It was Michael Powell who proposed the idea of the composed film, in which movement, color and framing are all synchronized to music to create a seamless work of art, and he began putting it into practice in Black Narcissus and The Red Shoes, before going all-out with Tales of Hoffmann and Bluebeard's Castle. Few have followed in his steps. One who did was the late Andrzej Żuławski, whose filmed opera (music by Mussorgsky, lyrics by Pushkin) Boris Godunov (1989) is one of the most relentlessly and astonishingly beautiful cinematic artifacts I have ever seen.
It is in the nature of these things that when watching the film it is quite impossible to think of anything which comes close. After the end titles have rolled, one may begin putting things in perspective, but while you're looking at Żuławski's images, nothing finer can be imagined.
Shamelessly theatrical in its design, the film begins with an audience attending a performance in a nineteenth-century opera house, before exploding the fourth wall and the viewer's mind, bursting out onto giant sets and exteriors which could never be contained within a proscenium. Yet the stylisation of the stage is never abandoned, with real landscapes transformed by carefully placed fake buildings, and trees and rocks painted, in the manner of Antonioni, to impart the richness of a Van Gogh. All this is shot by Żuławski's ceaselessly, aggressively roving camera: you have to imagine the Scorsese of Goodfellas doing one too many lines of coke and going all Mad Max, determined to drive his dolly crashing through the cinema screen and into the audience's laps.
Nobody ever moved the camera like Żuławski: in his first feature, The Third Part of the Night, he swung a hand-held camera as if attempting to stove the actors's skulls in, making us feel the weight and threat of each lurch and lunge. In many of his later films he swooped a Steadicam at high speed, compensating for the device's frustrating weightlessness with sheer ferocity, until again the lens came to feel like a missile. Here he's on tracks, and finds just the right pace to make you feel the thing isn't going to be able to stop, but it does, with a hairy sense of straining against its own momentum.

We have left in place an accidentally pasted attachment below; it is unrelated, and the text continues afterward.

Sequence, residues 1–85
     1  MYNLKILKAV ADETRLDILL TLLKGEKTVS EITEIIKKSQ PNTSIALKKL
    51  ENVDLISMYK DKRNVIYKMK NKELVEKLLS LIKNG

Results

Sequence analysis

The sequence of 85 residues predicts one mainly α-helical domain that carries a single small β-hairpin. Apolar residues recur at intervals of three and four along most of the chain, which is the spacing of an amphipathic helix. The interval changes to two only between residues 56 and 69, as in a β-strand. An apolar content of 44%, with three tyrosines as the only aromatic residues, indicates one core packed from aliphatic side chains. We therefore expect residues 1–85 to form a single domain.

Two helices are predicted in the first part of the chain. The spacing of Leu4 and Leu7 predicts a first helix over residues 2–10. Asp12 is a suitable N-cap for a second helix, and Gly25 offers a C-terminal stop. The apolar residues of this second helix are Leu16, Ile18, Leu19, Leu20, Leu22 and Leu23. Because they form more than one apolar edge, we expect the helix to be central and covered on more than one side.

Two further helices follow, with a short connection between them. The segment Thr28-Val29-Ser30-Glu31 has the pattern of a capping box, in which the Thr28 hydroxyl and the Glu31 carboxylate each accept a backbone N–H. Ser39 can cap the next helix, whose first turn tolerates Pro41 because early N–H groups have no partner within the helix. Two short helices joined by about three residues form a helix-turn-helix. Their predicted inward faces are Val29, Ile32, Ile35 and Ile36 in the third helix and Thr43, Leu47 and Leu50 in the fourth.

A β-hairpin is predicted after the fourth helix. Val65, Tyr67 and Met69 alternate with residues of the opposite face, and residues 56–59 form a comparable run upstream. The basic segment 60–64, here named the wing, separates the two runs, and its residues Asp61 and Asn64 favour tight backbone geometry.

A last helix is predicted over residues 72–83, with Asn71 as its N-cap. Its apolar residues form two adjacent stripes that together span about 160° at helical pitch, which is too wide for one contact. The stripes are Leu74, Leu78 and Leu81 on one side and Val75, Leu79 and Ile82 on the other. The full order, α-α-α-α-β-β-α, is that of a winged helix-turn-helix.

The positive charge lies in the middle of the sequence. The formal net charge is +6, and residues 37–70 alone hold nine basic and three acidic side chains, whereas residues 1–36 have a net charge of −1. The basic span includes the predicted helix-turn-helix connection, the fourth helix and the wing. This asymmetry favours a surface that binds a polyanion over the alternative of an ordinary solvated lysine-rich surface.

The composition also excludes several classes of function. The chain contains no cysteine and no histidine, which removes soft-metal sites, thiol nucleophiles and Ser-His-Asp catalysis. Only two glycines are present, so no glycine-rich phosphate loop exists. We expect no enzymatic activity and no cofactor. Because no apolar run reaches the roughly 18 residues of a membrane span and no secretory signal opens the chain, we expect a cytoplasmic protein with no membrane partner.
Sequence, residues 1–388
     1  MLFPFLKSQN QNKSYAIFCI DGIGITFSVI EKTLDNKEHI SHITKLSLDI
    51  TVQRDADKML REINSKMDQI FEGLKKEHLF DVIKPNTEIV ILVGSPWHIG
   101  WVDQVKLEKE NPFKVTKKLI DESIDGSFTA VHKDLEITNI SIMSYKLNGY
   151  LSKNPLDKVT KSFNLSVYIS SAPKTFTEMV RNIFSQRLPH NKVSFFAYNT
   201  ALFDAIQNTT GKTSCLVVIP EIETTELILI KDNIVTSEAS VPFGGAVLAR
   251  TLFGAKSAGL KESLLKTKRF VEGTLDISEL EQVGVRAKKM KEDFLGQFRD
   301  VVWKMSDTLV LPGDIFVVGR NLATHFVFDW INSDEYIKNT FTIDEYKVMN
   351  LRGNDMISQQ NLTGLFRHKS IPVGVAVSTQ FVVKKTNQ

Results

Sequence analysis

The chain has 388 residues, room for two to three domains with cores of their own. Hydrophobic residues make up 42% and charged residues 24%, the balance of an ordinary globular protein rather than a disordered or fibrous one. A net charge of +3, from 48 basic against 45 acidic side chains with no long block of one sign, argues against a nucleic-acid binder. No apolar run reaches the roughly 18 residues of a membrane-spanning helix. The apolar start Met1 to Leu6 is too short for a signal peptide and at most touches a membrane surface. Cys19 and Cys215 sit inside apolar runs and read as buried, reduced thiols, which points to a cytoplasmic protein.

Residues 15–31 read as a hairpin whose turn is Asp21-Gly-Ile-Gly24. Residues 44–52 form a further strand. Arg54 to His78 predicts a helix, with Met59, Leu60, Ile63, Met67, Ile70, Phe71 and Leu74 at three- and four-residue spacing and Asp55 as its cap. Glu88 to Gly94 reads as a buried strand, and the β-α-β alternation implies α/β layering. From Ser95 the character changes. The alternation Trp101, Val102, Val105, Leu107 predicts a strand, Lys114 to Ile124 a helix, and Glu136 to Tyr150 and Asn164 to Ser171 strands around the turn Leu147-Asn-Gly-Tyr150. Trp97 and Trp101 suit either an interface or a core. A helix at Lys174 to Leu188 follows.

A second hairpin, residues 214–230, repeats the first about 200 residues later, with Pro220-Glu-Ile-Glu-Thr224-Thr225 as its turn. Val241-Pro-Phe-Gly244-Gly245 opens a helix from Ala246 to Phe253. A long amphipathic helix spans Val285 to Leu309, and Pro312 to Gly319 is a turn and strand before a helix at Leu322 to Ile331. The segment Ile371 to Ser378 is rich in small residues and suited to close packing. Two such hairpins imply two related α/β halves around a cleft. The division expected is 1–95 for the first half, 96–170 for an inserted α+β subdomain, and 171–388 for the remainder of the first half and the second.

The whole thing has a manic recklessness. Characters sing while rutting vigorously, and one character completes an aria while plummeting from a minaret. There is blood, some of it blue (because red would clash with the costume) and grit, but also lunatic unreality. Żuławski even shows the camera crew filming his spectacle, under vibrant red and yellow umbrellas, and drafts in twentieth-century barbed wire and soldiers: unsubtle Brechtian techniques which are not my favorite devices by any means, but they add to the anything-goes intensity, the mania.
I haven't talked much about the film's narrative because, as is often the case with Żuławski, it isn't very clear. One feels somehow the subtitler is falling down on the job, but it may just be the overload of visual and musical stimuli leave the viewer with only a handful of neurons free for assembling events into sequence, filling in ellipses, remembering which bearded goofball is which. Mostly one reels at the Ivan-the-Terrible-on-acid aesthetic.
Behind the scenes of Boris Godunov.
Someone once said that we could imagine Jodorowski's unfilmed sci-fi epic Dune by looking at Żuławski's unfinished sci-fi epic On the Silver Globe. To that I add that we can imagine On the Silver Globe completed, by looking at Boris Godunov, whose immersive foray into a frightening, beautiful, strange and utterly alien world is a kind of historical science fiction film on a par with Fellini Satyricon.
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